Brad Hine:

You’ve definitely done some traveling in terms of your schooling from West Point to New Mexico and then onto Purdue in Indiana. How did you get started in this industry, the energy industry after graduating from Purdue?

Steve Collier:

I didn’t grow up wanting to work in the electric utility business, but after I had played out my eligibility in basketball, I got married to a lady from Houston, and so I moved to Houston. And I actually finished my undergraduate degree at the University of Houston. My career really started when I was at New Mexico State when I participated in what was called a cooperative education program.  I went to work at Houston Lighting and Power, and I would work for a term, fall or spring term, and then I would go back to school for a term to finish out my degree, and that set the stage. Since then, it was all energy business, either as an employee of a utility like Houston Lighting and Power or Caprock Electric Co-op, or as a consultant or a vendor in that industry. I just fell into it, it wasn’t something I dreamed about doing, but it’s turned out to be a really wonderful career so far.

Brad Hine:

You mentioned basketball and that you played, and I will get back to that because I want to hear some stories about that. After Houston, where did that take you in your travels in the energy business?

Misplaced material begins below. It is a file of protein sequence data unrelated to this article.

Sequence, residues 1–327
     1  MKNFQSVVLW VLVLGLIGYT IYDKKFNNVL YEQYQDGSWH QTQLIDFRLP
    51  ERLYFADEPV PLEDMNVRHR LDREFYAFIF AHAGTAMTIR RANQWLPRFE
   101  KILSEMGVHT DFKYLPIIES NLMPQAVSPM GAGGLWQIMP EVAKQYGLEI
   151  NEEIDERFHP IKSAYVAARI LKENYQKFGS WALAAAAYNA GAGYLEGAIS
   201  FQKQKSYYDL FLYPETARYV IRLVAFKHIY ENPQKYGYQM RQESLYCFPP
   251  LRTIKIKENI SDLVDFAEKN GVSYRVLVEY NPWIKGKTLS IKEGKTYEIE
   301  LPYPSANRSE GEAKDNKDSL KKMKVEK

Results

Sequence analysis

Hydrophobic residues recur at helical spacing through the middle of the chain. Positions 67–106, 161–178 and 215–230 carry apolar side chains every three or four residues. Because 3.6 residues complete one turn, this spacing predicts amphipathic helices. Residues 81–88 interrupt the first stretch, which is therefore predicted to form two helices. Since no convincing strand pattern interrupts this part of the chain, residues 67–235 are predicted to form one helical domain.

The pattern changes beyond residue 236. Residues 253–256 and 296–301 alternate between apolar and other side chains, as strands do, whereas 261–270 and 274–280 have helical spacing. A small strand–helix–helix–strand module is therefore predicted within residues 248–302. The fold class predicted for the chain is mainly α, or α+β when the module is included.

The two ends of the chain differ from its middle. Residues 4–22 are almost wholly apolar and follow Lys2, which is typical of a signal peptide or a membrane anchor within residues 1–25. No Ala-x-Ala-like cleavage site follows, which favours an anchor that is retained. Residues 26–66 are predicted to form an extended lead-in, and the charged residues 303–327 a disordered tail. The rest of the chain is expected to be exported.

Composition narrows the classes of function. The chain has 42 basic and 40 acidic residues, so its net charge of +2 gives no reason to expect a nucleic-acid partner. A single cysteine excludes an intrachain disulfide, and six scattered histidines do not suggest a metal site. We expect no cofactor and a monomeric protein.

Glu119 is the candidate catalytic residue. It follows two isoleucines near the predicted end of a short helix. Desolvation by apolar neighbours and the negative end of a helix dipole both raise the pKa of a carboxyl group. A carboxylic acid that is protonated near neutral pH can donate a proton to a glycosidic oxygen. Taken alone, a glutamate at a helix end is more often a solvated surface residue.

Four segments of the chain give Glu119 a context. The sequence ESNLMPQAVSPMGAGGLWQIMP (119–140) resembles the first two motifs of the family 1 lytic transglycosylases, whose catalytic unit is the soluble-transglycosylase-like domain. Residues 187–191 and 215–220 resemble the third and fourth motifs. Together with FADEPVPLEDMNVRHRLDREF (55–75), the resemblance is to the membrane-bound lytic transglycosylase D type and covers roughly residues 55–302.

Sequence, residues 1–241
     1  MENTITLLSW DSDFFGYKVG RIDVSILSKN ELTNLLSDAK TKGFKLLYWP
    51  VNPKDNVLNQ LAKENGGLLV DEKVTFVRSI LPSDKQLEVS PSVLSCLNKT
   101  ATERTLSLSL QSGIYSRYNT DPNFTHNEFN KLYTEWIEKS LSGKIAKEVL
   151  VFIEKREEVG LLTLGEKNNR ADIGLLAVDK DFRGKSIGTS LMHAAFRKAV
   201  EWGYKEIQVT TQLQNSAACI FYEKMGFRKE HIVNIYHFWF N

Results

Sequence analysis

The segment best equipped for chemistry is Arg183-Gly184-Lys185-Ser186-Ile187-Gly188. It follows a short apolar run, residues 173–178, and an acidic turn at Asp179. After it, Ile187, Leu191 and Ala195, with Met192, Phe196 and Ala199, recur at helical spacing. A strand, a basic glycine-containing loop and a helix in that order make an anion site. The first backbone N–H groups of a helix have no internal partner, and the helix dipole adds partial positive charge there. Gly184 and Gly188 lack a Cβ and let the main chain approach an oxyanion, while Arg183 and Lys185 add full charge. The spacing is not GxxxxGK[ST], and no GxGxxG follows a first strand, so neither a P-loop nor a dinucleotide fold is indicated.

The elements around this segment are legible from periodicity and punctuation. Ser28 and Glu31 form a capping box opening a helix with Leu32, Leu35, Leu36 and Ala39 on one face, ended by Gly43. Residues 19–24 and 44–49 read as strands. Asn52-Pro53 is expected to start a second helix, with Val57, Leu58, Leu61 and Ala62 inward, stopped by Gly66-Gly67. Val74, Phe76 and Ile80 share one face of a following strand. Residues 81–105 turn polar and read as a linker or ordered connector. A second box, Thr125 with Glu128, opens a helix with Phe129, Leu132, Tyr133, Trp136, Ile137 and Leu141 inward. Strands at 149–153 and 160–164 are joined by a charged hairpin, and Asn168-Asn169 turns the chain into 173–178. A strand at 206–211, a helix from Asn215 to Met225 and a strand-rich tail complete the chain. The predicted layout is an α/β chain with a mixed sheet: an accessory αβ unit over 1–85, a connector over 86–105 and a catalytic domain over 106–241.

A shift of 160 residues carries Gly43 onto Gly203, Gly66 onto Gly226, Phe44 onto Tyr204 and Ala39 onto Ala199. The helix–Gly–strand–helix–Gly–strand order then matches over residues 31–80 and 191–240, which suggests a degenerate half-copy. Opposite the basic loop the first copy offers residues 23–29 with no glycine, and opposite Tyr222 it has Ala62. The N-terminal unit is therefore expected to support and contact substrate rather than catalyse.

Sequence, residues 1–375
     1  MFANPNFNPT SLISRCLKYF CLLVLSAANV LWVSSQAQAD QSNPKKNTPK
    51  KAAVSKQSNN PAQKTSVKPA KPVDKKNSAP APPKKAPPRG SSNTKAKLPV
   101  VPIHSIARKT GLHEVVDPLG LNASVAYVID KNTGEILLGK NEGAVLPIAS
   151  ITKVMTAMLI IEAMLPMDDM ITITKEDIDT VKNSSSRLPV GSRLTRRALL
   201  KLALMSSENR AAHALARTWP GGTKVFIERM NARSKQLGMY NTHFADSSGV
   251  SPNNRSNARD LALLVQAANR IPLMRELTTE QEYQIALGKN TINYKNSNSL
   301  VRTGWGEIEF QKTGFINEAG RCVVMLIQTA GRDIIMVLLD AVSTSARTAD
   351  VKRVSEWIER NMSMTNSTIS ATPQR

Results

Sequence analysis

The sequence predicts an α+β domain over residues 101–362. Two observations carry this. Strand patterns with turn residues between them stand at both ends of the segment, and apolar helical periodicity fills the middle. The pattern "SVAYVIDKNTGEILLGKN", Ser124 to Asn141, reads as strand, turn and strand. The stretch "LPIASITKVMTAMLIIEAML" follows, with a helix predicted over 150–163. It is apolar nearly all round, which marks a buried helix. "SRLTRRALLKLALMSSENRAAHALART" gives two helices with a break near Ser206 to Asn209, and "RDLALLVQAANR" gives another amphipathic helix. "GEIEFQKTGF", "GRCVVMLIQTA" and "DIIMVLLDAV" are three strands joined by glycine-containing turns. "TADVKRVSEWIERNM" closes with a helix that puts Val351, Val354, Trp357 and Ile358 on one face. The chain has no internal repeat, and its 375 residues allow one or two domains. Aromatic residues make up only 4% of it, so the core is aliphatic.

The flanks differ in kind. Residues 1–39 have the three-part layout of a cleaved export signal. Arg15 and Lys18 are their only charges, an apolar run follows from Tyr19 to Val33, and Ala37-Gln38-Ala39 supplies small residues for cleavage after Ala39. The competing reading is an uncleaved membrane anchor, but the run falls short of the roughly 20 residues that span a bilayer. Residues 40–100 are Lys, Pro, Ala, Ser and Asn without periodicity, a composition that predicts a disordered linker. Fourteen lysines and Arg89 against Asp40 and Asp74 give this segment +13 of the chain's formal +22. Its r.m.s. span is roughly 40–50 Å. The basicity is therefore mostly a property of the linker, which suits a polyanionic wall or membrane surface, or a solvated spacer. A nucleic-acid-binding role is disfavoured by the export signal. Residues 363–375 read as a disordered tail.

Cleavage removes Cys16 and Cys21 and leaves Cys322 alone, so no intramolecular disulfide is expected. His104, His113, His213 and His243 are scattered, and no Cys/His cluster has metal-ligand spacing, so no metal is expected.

Steve Collier:

I left Houston Lighting and Power after I graduated with my undergraduate degree. I left to go to graduate school at Purdue University in the Electric Power Center. I was fortunate enough to be granted a National Science Foundation graduate fellowship in engineering. It was a full paid ticket at Purdue, and it was in the Purdue Electric Power Center, where a whole bunch of us guys specialized in getting ready to work in the electric utility business, and now we’re all spread all over the country. One of my classmates is a professor at the University of Illinois, a number of us just ended up in the utility business.

Brad Hine:

In your first jobs, what were you tasked with? What was your introduction to that industry in terms of your job and maybe in your daily work?

Steve Collier:

At Houston Lighting and Power, I had terms in most of the areas that an electric utility operates. I worked in power plants for a couple of terms, it was called Plant Betterment Engineering, we basically tested the new equipment and the efficiency of the plant. I worked in systems engineering, which was planning and building the grid. I worked in system planning, that’s what we did, was planned in the outlying years, and I worked in substation engineering where we actually wired up things in the substations to monitor and control. From Purdue, I went to work for a consulting firm in Upstate New York called Power Technologies Inc. They still exist, but they’re a subset of Siemens, Siemens bought them a long while ago. At Power Technologies, we did two things – we did consulting for electric utilities in the United States and abroad, and we also created software for electric utilities to look at how the grid was performing and helping folks do planning and operations better in the electric utility using software.